You Should Never Mince Black Garlic. Here's Why

Garlic is a cooking staple that many of us can't live without. With such a range of flavor profiles — spicy, mellow, sweet, pungent — it goes well with a huge array of dishes and enhances pretty much everything it comes into contact with. While its versatility lends it to be added into many different scenarios, garlic can also be a bit of a liability. Proper preparation is necessary to make sure you aren't overpowering a pesto, creating an underwhelming sauce, or adding the dreaded burnt garlic taste to an entire stir fry. 

There are also different types of garlic, each of which requires a bit of a different cooking technique. Cook's Illustrated lists soft-neck garlic as the most common type found in stores and used on a day-to-day basis, while some other garlic varieties include elephant garlic (which only has six cloves) and hardneck garlic (which has an intense flavor). The mag also lists black garlic, which is aged garlic that's fermented for 30 days in a machine that controls temperature and humidity, before being left out to air-dry for another 10 days.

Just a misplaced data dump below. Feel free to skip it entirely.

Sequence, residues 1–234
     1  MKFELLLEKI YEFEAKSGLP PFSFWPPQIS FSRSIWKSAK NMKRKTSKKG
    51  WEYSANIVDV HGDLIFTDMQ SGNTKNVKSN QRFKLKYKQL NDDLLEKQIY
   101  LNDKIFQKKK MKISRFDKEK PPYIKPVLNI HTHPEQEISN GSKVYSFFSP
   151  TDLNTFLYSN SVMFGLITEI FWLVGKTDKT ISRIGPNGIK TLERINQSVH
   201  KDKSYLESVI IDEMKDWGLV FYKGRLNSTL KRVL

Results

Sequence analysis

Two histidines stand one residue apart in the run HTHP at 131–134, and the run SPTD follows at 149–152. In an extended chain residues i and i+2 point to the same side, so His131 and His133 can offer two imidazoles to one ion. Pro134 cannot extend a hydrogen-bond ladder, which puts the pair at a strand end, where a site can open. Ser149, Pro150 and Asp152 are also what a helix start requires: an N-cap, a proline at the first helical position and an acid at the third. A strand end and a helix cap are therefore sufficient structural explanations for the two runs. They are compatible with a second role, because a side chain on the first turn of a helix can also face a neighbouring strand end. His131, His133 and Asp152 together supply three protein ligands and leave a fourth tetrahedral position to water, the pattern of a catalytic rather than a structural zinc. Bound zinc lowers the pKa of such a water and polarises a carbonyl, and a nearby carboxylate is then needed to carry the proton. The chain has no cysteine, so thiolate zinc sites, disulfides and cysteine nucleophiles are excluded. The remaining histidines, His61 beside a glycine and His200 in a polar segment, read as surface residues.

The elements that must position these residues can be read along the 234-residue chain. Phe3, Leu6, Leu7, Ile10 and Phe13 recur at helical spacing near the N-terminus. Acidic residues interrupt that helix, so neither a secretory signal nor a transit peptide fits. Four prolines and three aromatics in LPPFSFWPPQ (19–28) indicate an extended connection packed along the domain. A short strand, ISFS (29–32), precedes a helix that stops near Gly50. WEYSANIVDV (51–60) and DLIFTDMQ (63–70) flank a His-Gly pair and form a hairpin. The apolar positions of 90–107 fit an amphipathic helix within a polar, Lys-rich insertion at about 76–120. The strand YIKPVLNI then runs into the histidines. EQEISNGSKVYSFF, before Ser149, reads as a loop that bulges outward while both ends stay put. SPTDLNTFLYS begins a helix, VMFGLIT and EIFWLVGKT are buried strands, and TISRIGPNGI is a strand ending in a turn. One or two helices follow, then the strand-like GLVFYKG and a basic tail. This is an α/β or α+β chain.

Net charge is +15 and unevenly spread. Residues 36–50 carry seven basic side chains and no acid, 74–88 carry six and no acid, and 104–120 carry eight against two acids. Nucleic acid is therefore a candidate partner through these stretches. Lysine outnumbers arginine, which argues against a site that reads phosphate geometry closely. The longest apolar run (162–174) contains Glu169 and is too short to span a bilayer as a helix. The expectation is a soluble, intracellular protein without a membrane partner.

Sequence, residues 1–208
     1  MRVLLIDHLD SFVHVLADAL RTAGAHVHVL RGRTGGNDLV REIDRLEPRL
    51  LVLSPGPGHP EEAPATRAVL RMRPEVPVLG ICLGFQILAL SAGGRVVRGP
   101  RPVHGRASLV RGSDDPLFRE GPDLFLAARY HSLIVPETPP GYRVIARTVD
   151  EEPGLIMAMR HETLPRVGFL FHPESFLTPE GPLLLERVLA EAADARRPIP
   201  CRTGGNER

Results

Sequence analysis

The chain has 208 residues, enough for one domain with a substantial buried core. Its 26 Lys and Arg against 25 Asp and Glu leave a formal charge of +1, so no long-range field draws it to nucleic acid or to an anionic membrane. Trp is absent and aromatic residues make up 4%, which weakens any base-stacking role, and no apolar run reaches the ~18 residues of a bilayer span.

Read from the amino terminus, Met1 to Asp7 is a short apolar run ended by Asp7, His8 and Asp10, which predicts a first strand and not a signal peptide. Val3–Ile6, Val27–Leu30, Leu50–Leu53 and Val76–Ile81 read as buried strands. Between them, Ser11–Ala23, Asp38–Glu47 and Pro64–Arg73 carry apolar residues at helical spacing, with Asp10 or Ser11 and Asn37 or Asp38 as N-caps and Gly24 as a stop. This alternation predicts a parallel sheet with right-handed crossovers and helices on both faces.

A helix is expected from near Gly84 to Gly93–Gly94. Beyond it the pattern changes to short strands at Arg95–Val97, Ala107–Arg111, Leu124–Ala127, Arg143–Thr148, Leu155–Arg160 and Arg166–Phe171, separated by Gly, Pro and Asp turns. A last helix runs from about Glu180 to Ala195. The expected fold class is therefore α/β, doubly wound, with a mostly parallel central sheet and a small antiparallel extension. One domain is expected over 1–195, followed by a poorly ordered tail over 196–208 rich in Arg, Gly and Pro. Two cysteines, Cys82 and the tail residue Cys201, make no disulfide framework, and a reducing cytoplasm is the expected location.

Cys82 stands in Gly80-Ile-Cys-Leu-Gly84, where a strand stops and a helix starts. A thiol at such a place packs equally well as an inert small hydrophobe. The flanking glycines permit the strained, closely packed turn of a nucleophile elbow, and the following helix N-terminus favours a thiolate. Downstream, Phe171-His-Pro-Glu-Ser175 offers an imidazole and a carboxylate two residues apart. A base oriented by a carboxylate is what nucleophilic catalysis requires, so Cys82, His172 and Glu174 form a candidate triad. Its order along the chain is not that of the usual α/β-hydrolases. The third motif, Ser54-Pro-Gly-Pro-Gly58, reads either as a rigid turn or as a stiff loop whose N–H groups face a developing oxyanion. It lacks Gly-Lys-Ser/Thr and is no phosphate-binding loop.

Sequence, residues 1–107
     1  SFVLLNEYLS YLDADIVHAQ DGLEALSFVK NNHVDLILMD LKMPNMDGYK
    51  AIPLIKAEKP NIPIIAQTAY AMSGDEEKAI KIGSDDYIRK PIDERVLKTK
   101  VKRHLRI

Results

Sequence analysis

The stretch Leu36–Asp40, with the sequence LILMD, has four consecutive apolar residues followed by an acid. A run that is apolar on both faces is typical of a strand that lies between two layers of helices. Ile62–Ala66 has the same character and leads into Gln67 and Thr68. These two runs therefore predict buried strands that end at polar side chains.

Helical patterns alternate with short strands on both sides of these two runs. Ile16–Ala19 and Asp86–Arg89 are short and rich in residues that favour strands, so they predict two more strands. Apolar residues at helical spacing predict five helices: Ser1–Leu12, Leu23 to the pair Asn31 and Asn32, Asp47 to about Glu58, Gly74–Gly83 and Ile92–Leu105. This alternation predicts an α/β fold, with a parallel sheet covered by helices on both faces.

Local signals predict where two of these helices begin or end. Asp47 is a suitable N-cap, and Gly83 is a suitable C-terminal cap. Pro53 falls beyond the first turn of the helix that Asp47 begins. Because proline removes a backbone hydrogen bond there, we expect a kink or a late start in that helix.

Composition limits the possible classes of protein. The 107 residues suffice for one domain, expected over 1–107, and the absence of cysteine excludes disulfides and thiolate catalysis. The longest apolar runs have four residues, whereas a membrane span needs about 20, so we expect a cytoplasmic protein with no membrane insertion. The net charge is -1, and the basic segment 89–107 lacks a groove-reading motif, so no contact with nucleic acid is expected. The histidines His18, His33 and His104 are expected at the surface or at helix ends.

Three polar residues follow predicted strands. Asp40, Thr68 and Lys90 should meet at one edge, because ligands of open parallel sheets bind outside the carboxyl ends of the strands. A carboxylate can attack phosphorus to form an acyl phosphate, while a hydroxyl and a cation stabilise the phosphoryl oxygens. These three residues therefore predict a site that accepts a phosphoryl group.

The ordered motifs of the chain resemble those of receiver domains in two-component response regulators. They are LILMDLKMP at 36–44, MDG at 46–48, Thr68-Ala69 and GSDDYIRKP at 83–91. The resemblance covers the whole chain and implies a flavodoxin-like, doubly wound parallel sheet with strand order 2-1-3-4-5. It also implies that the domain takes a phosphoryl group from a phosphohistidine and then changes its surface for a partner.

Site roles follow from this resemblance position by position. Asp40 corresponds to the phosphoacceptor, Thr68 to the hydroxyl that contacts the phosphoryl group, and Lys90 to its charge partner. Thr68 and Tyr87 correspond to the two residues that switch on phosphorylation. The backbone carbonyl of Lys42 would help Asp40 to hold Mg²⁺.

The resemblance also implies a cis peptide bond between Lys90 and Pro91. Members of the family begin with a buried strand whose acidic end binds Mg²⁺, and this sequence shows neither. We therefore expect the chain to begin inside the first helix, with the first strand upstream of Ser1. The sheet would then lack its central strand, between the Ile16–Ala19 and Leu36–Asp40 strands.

Mincing black garlic ruins the flavor

The long fermentation process that is required for black garlic transforms the raw spicy and pungent flavor into something sweet and concentrated. The cloves turn a deep black, take on a chewy texture, and adopt a flavor profile reticent of a balsamic vinegar glaze or molasses accompanied by a garlicky aftertaste. 

Cook's Illustrated explains that this highly unique and complex array of flavors disappears when the allium is minced, which negates the entire point of using it in the first place. Adding minced black garlic to a dish won't have the desired effect, and you'd be better off using ordinary garlic. However, if you roughly chop or slice your black garlic the flavors remain intact, preserving that sweet, balsamic-like taste. The Gousto Blog lists some ideas for using black garlic, such as blending it with mayonnaise for a delicious aioli, adding it to salads, adding it to olive oil, creating a chutney for a cheeseboard, mixing it into a homemade sauce, the list goes on. So, go on then get creative!